Guests at Spindini and the Mesquite Chop House locations are now being introduced to an interactive wine and beverage menu when they sit down at the table.
The River City Management Group restaurants are using Uncorkd, a digital wine list and beverage menu application for the Apple iPad. Diners are able to view product descriptions, tasting notes, and recommended food and wine pairings at their fingertips.
Known for their prime steaks and chops, Mesquite Chop House currently has two locations, in Downtown Memphis and Southaven, with a third restaurant set to open in Germantown in mid-August.
Spindini, 383 S. Main St., concentrates on traditional Italian food prepared with a modern twist.
“We are constantly looking for ways to improve our restaurants,” CEO of RCMG Preston Lamm said in a statement. “This was something that instantly enhanced the experience for our diners while maintaining the excellent service and warm atmosphere that our customers have come to expect.”
The Uncorkd application was developed by Chicago-based Ideavation. The goal is to make the wine-selecting-process less stressful.
Uncorkd claims restaurants that use its app see their wine sales increase by 20 percent or more.
Tennessee came in 17th on a list of the 50 states as ranked by growth in the number of women-owned businesses from 1997 to 2012, with the Volunteer State seeing 56 percent growth in the number of those firms during that period.
That’s according to a new “State of Women-Owned Businesses” report commissioned in March by American Express OPEN.
As of 2012, according to the report, there are more than 8.3 million women-owned businesses in theUnited States, generating nearly $1.3 trillion in revenue and employing 7.7 million people.
The report is based on published information from the U.S. Census Bureau.
Other findings: The number of women-owned firms is currently growing at 1.5 times the national average. Also, while women are starting businesses at a rate higher than the national average, their firms remain smaller than average.
A new “King Me: The Elvis Tour Mobile App” that’s now available in the iTunes store for Apple device users and in the Google Play store for Android users will allow users to go on a journey of discovery to all the places that influenced the King of Rock ‘n’ Roll.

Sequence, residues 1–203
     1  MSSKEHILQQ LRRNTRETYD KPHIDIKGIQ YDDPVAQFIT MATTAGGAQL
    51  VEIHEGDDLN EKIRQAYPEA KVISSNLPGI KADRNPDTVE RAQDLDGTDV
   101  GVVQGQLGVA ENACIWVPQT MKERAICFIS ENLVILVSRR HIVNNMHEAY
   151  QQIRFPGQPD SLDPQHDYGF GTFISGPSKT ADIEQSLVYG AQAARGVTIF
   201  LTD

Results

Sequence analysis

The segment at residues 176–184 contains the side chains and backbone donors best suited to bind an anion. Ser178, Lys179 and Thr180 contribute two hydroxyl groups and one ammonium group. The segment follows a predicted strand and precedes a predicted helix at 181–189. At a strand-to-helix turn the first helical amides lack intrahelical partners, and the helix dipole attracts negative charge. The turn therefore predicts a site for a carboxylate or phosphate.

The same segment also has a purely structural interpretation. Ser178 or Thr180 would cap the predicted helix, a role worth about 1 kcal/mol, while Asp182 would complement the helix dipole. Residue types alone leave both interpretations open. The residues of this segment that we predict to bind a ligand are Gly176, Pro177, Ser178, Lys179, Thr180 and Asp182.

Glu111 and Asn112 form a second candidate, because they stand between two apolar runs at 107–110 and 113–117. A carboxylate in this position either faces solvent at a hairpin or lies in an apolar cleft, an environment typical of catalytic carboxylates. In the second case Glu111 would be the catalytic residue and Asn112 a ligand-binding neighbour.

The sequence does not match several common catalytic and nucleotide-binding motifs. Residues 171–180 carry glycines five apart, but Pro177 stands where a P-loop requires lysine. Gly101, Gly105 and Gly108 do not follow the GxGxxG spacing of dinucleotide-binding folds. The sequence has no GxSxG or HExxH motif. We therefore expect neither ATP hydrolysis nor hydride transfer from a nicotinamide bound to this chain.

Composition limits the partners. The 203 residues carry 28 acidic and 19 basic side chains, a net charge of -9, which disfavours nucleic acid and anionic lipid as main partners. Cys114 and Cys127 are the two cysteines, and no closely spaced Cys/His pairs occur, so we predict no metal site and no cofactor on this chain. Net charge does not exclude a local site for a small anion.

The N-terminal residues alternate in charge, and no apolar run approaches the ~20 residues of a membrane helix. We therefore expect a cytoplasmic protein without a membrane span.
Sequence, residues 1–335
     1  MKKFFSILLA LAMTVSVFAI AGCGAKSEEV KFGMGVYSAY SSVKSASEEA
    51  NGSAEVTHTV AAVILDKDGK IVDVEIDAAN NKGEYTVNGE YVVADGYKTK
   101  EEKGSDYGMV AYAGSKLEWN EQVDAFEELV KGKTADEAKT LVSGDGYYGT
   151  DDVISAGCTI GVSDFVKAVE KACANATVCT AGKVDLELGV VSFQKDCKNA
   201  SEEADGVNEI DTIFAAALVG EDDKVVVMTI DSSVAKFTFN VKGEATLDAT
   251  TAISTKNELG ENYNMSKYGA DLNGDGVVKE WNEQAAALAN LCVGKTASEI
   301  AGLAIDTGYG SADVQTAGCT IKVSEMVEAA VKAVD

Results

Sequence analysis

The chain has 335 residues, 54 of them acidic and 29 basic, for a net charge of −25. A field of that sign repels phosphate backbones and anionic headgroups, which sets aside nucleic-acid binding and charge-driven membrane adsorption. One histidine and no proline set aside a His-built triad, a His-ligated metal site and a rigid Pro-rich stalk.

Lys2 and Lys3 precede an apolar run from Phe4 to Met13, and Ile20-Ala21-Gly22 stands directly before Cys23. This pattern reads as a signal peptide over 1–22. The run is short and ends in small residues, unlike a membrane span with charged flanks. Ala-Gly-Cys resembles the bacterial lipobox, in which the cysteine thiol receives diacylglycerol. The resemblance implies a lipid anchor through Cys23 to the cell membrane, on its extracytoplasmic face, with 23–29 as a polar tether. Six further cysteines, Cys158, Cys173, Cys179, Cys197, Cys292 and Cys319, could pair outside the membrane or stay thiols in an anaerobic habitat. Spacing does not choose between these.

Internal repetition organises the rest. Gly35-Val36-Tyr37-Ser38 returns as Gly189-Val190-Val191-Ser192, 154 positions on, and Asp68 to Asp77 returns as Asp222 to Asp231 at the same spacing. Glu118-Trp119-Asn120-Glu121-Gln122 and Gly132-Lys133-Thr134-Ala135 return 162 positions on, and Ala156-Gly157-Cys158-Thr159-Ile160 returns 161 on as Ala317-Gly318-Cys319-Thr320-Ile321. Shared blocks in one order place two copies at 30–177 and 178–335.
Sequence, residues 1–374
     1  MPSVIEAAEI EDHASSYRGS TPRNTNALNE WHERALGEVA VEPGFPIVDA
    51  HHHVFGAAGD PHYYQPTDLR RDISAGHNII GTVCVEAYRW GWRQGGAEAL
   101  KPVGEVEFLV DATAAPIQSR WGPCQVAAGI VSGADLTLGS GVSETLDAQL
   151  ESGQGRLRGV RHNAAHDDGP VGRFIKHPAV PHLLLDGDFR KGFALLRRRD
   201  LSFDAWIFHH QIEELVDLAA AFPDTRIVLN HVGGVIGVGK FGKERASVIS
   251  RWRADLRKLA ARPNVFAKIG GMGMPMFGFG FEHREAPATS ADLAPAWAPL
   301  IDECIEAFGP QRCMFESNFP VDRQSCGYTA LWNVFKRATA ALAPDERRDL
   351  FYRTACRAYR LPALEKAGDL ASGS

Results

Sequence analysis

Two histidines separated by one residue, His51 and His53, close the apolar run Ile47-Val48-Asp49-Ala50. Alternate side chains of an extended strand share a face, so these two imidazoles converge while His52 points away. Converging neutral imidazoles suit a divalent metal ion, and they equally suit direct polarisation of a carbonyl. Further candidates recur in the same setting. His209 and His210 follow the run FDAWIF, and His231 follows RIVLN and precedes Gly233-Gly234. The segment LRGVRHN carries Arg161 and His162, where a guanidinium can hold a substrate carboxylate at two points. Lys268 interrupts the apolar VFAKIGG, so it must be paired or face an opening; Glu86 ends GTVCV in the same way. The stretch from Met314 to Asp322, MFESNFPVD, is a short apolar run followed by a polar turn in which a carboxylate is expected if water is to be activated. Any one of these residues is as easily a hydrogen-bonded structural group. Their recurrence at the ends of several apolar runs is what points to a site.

It’s a part travel guide, providing information for users to create their own Elvis pilgrimage itinerary that includes tour tips, hours, admission prices and more. There’s also other goodies like rare photos.
More than 30 government officials and businessmen from China came to Memphis Friday (July 27), gathering at the Peabody hotel to hear presentations from state and local economic development officials.
They represented mostly mid-sized Chinese businesses, the leaders of which have expressed an interest in investing in bioscience and logistics industry projects in the U.S. And Memphis was one of only a few cities on their recent U.S. swing.
The visits reflected an important fact about the relationship between China and Tennessee. China is the state’s third largest export nation behind Canada and Mexico, and Tennessee exports to China accounted for $2 billion in 2011.
To bring the Chinese delegation here, the Greater Memphis Chamber’s International Development department worked with the Tennessee Economic and Community Development Department, the China Investment Promotion Agency, the Tennessee China Development Center and the West Tennessee Industrial Association.
James “Jimmy” Phillip Lauck of The Little Tea Shop died Thursday, July 26. He was 77.
Lauck purchased the restaurant at 69 Monroe Ave. on July 26, 1982, 30 years to the day of his passing, according to The Little Tea Shop’s Facebook page. The Southern-style eatery was founded in 1918.
Lauck’s wife, Suhair “Su” Lauck, originally from south Jerusalem and a Memphis resident for more than 40 years, oversees the restaurant and prepares all of the food herself.
“My wife is from the Middle East, and cooking is very dear to her,” Jimmy Lauck told The Daily News in 2004.
The Daily News extends its sympathy to Suhair and The Little Tea Shop family, who have lost someone very dear to them. As one Facebook post put it, “Jimmy Lauck made Memphis a better place.”
The Little Tea Shop, a favorite of local politicians, judges, bankers and lawyers, will be closed until further notice.